ELLSWORTH — The elver season is already underway, but it likely won’t heat up in earnest until temperatures ratchet up a few more degrees.
“People ain’t catching a whole lot right now,” said Ellsworth-based Darrell Young, the co-director of the Maine Elver Fishermen’s Association.
The multimillion-dollar fishery opened on March 22, but local fishermen have reported little action while waiting for waters to warm up.
They chalk the delay up to recent rains, which have kept the waters cool and flows fast, less than ideal conditions for the small spaghetti-like young eels that migrate upriver from the sea.
As of April 1, a total of 315 pounds of the state’s 7,556-pound quota had been caught, according to the state Department of Marine Resources, though the agency cautioned that those figures were “extremely preliminary.”
The Passamaquoddy Tribe fared better, catching 716 pounds of the tribe’s 1,288-pound quota, according to the DMR report.
The elver season runs through June 7, or until the quota is met.
Young said that most of the eels that had been caught were likely closer to Portland, where temperatures haven’t been as low.
In Somesville, Norm Closson has been fishing for elvers for about 25 years and the 73-year-old said neither of his two nets have caught anything so far.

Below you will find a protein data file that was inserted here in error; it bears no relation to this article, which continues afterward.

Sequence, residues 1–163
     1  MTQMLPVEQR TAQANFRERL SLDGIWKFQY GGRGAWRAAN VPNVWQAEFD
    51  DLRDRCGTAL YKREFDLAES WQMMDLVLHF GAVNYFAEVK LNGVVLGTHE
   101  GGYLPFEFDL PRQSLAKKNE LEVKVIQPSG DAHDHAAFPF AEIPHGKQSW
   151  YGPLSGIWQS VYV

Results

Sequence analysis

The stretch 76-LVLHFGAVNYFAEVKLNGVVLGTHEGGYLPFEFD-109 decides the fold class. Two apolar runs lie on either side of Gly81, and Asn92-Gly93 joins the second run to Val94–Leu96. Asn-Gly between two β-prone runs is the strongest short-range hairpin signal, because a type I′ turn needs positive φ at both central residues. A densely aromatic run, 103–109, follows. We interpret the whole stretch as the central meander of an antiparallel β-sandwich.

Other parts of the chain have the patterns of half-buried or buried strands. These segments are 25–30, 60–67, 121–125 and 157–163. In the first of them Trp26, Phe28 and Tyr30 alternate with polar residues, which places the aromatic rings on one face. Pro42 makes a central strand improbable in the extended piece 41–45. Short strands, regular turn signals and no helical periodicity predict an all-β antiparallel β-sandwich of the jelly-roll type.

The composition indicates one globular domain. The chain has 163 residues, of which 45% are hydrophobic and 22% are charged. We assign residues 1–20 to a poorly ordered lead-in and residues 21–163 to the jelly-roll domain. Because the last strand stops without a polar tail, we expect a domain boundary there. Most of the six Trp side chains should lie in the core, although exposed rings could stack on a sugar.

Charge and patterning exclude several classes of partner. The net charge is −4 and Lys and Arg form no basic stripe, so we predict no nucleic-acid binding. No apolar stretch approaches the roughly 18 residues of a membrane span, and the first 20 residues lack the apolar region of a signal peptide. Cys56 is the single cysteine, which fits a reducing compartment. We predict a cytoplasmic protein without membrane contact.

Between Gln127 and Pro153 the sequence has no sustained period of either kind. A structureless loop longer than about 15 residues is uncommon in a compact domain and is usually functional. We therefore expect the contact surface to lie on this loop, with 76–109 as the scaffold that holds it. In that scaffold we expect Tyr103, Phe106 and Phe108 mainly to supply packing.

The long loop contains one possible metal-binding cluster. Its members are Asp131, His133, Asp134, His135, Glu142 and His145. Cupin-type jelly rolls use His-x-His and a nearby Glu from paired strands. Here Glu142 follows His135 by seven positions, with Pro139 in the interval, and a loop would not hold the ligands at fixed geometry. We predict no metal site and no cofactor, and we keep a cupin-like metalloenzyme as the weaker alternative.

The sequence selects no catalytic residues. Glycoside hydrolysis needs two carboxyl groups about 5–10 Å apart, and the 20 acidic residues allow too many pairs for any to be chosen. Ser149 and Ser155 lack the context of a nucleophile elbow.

“It’s the slowest I’ve ever seen it start out,” he said.
He also pointed to the recent big rainstorms as the culprit.
Fishermen have to check their nets every 16 hours and with the season so poor, Closson has stopped fishing, though he’s hopeful his nets will fill soon.
“It’s been kind of an odd year,” he said.
Dealers have reported buying 1,048 pounds of elvers for a reported value of $1,163,102, according to DMR. The current average price per pound is $1,109 — about half as high as it was before the pandemic.
The elver season was delayed in 2020 because of COVID, so on the bright side any catch so far in 2021 is above this time last year, said David Smith, who runs a shellfish shop on Mount Desert Island and has nets in Somesville with his wife.
Smith has been fishing for elvers since the 1990s and he was hopeful that fishermen’s fortunes would rise along with water temps.
“We’re just waiting,” he said. “Hopefully the water warms up.”